Extreme behaviour

There was never much doubt that the spot would prompt a few complaints. Consider, after all, the content: A teen skateboarder pulls a daredevil move, balancing precariously on the railing of a school stairway, only to wipe out spectacularly - an...

There was never much doubt that the spot would prompt a few complaints. Consider, after all, the content: A teen skateboarder pulls a daredevil move, balancing precariously on the railing of a school stairway, only to wipe out spectacularly – an off-screen tumble accompanied by a suitably gruesome assortment of fragile-human-body-hitting-polished-concrete-surface sound effects.

What surprised Caroline Jarvis, however, was the focus of those complaints. Was it the depiction of recklessly unsafe behaviour? Or the invitation to laugh uproariously at an innocent youngster suffering grievous bodily harm? Nah.

‘It had nothing to do with the kid hurting himself,’ says Jarvis, vice-president and creative director with Saint-Jacques Vallee Young & Rubicam, the Montreal-based agency that created this spot for the Cordon Bleu brand of canned meatball stews. ‘The complaints were about vandalism of public property. I guess it bothered people that the kid was scraping the railings.’

Granted, this isn’t quite the response that the Cordon Bleu marketing team had in mind. Still, it is evidence that the spot got noticed – and when you’re a 66-year-old brand trying to shake some of the dust from your image, getting noticed is at least half the battle.

The name may not mean much in English Canada, but to Quebecers, Cordon Bleu is part of the very cultural fabric. ‘Just about everybody who’s alive in this province today was served these products as they were growing up,’ says Marcel Proulx, vice-president of creative planning and consumer insights with SVY&R. ‘It is a true Quebec brand.’

Produced by the family-owned J.R. Ouimet firm of Anjou, Que., the Cordon Bleu product line encompasses meatball stews, sauces, patés and a wide variety of other canned foods – all based on traditional Quebec recipes. While the brand has long dominated the categories in which it competes, it was clear by the mid-1990s that its fortunes had begun to decline.

Sales were sliding precipitously, says Michelle Guibord, director of marketing with J.R. Ouimet, and the brand image was all but stagnant. ‘We saw a need to redynamize the brand, and to get to know our consumers better,’ she says. ‘We had to understand their needs, and give them what they were asking for.’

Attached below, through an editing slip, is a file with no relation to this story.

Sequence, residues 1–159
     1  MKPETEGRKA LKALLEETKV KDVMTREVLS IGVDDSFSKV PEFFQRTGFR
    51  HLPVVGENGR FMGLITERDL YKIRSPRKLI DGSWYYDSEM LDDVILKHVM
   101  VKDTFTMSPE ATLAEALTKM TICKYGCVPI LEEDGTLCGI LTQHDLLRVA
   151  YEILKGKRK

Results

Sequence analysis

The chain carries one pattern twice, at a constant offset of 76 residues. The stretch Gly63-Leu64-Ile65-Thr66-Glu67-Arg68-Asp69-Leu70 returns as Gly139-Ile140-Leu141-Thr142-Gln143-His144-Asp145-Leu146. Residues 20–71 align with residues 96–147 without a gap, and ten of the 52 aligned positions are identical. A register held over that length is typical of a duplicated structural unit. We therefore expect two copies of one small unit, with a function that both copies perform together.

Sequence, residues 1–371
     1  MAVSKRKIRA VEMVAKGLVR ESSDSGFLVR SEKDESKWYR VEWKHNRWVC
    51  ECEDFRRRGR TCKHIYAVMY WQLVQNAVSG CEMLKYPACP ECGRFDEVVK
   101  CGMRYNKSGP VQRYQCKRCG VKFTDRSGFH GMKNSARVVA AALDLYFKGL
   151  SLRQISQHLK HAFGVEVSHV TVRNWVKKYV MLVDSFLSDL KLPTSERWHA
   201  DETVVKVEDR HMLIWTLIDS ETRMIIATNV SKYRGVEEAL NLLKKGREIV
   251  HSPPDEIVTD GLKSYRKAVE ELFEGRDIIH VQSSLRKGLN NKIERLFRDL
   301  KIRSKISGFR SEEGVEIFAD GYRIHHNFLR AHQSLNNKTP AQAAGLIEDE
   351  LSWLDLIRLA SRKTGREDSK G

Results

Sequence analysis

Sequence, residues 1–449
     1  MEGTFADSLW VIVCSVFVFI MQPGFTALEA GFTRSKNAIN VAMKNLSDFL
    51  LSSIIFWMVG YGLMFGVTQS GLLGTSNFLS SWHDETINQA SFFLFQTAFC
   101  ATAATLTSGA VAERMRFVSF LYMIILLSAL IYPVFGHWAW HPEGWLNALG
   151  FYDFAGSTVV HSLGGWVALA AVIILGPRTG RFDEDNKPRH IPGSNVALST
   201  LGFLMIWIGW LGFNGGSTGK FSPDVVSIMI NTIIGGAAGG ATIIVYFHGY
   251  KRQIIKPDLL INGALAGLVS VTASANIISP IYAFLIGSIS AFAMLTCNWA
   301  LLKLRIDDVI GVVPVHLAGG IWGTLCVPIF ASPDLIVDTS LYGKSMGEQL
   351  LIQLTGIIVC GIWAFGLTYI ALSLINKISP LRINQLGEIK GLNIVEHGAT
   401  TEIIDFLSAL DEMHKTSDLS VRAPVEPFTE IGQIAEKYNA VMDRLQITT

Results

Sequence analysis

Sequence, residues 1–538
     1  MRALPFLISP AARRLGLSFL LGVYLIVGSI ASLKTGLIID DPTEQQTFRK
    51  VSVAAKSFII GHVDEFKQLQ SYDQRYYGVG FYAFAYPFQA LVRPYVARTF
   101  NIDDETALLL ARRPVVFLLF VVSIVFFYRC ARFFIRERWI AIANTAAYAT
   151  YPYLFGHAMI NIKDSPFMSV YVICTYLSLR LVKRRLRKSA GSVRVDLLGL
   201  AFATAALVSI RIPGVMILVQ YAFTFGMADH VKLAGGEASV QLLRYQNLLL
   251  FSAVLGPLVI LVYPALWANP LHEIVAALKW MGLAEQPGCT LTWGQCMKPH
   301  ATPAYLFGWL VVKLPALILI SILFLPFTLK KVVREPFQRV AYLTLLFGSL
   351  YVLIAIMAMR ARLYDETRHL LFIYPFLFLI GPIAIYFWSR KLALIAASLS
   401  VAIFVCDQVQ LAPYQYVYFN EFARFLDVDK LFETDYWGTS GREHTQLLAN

Since 1996, Guibord says, J.R. Ouimet has realigned its marketing approach dramatically, shifting from its traditional emphasis on tactical efforts toward more of a brand-driven strategy, and launching close to 20 new products into the marketplace.

The company has also invested heavily in research, to gain deeper insight into the targets for its various products. And it was this process that led to the bone-crunching skateboarding spot – Cordon Bleu’s first serious venture into the murky and treacherous waters of youth marketing.

When it came to the Cordon Bleu line of meatball-and-pasta stews, the research highlighted an important point: While the primary purchasers are mothers – typically those of average income or slightly below – the actual end users are, predominantly, teenagers.

That makes a certain amount of sense, says Suzanne Bourret, vice-president, client services and human resources with SVY&R. Simple heat-and-serve products like these are the perfect meal solution for today’s teens, who live their lives on the go, careening from hockey practice to school to the mall.

Given the kind of influence that youngsters now wield over household purchase decisions, it seemed logical to aim the advertising for Cordon Bleu’s meatball products directly at the teen audience. The marketing team, however, was also aware that a great many other advertisers are vying for the attention of young consumers these days. How to be heard above the clamour?

The key, says Proulx, is to create advertising that establishes an emotional link with teens by mirroring their own lives.

‘It’s important not to do an ad that gives the feeling of adults talking to kids,’ he explains. ‘You should be reflecting a slice of life back to them, thereby making a strong connection between the brand and the consumer’s life. You create a dialogue by reflecting the things they have to live with every day.’

Bourret agrees. ‘It really comes down to speaking their language,’ she says. ‘You create empathy by putting yourself in their shoes, and touching their sensitive chords. You put the product in a context that’s relevant to them – that’s what creates a distinction.’

In this case, the agency proposed tapping the reckless attitude that prevails increasingly among teens today – as evidenced by the popularity of skateboarding, snowboarding and other ‘extreme’ pastimes. Inspiration for this approach came, in part, from a Montreal skateboard shop called Factory, where patrons proudly bring in X-rays of their broken bones to be pinned up on the wall.

Ultimately, this thinking led to the 30-second commercial entitled ‘The Take-Off.’ Shot to resemble video footage from a security camera, the spot catches its young hero in action, zipping through the deserted school corridors on his board and pulling off a couple of nifty trick moves, before plummeting painfully down the stairs. A voiceover extols the virtues of Cordon Bleu’s meatball stews (‘Great for high flyers, and those more grounded’) and concludes with the tagline, ‘Good cuisine made quick.’

Jarvis says the agency pointedly steered clear of the flashy visuals, fast cutting and skewed camera angles that characterize so much TV advertising for the youth audience, using instead a single stationary camera to capture the action.